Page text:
David raises a valid point. I am blogging on a piece of company property, (a nice one too, a sweet Lenovo x60s Thinkpad with EVDO wireless.(note the shameless advert))  Since I am presently 300 miles from the time card machine, (you know, the bird-punch model that Fred Flintstone used when he clocked it at the quarry) I guess I am blogging off the clock. Of course, one must understand I only work Monday through Friday from nine to five with a half-hour lunch break. I never work during non-work hours. I never check my email on weekends.

Sheesh,  I don’t blog at work. I have too much other stuff to get done and blogging for the company is not on my list of to-dos. I will, from time to time, mention my employer’s name, but not a lot, because I have no interest in going down in history as the “guy at XYZ corp. who blogs about customer service.” I’d prefer to be known as the guy who wrote a great book about technology standards, or that guy on Cape Cod who blogs about clamming. But, dreams of literary immortality aside, I am resigned to be just a guy who blogs because he misses being a full-time writer. I suffer from the malady caoecethes scribendi and this is my cure.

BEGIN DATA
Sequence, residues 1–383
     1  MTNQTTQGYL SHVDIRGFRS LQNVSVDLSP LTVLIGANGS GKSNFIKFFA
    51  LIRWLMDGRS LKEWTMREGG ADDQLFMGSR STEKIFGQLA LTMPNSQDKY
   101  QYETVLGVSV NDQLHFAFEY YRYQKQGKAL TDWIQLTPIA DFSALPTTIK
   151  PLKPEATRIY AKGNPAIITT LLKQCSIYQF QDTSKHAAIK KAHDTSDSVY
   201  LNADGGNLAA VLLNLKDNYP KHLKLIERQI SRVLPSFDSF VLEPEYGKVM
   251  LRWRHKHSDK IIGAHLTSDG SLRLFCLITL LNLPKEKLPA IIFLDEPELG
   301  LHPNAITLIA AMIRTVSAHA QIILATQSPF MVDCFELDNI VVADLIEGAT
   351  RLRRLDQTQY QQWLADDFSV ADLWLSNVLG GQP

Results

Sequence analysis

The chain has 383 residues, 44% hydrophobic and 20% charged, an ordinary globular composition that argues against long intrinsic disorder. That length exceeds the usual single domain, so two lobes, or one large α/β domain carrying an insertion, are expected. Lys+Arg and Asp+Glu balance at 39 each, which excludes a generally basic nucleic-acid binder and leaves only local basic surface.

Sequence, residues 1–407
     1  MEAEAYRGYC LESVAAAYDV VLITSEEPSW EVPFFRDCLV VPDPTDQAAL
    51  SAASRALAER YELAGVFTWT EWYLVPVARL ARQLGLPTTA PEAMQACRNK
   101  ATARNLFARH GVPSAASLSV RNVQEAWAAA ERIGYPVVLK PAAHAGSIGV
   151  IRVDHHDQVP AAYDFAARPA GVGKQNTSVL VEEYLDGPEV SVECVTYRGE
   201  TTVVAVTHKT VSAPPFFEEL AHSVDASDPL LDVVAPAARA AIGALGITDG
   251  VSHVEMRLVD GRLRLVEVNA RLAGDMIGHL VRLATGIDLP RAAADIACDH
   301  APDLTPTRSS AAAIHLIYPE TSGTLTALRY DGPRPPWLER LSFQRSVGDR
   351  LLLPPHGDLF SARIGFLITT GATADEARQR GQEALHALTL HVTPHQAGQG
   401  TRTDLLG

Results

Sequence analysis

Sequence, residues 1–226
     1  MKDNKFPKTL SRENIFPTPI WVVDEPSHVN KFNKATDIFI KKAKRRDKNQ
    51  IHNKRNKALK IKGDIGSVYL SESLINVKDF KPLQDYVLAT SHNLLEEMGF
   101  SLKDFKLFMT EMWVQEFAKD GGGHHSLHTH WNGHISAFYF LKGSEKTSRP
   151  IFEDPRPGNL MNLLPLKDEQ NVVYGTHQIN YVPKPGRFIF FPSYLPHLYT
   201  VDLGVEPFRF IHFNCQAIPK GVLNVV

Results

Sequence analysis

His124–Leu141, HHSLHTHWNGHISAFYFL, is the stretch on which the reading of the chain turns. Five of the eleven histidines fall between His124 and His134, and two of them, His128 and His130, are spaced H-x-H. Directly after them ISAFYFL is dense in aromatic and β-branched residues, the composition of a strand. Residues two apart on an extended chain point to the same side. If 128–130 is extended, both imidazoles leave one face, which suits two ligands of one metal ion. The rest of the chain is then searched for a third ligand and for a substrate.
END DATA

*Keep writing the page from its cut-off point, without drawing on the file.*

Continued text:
I do have a reasonably healthy obsession with my professional life — it keeps the wolf from the door after all — and our professional lives are — at least on a time basis — the bulk of our lives. But assigning ownership of a blog to one’s employer on the basis that the employer’s brand enhances the brand of the blogging employee? Or that the blogger used precious CPU cycles on a company machine?
It was always 100 percent clear to me during Scoble’s Microsoft tenure that his gig was at Channel 9 videotaping geeks and that Scobleizer was his and his alone. He blogged about whatever the heck he felt like, and if that turned out to be Microsoft …. well, sure, he’ll go down as the Microsoft blogger.

Bloggers are bylines. Nothing more. Bylines move around. If my employer were to say, “please don’t blog about us” then I’d never blog about them.  For now, Churbuck.com lives off of my employer’s servers, is managed by me, designed by me, the domain name is renewed and paid by me, and predates my relationship with my employer by about three years. So there.

Imagethief: brilliant summation of the Great Fire Wall issue

Imagethief is Will Moss. A PR pro in China. I like his blog a lot. So does, CNET, which recently picked him up for CNET’s Asia editions. Anyway, the whole American Internet companies operating in China ethical debate thing? He writes an excellent post which puts it all into great, speculative, perspective:

“So far, US Internet companies have been scrupulous in not suggesting that their prime benefit to Chinese users is access to controversial material, a move that would likely be poorly received by the Chinese government. But nor have they done a good job of articulating what benefits they do bring to Chinese users. Combined with their failure to adequately address the moral conundrum of operating in China –as opposed to the legal conundrum, which has been beaten to death– they have left a nifty vacuum for for their detractors to fill. They do not, nor have they ever, controlled this debate.”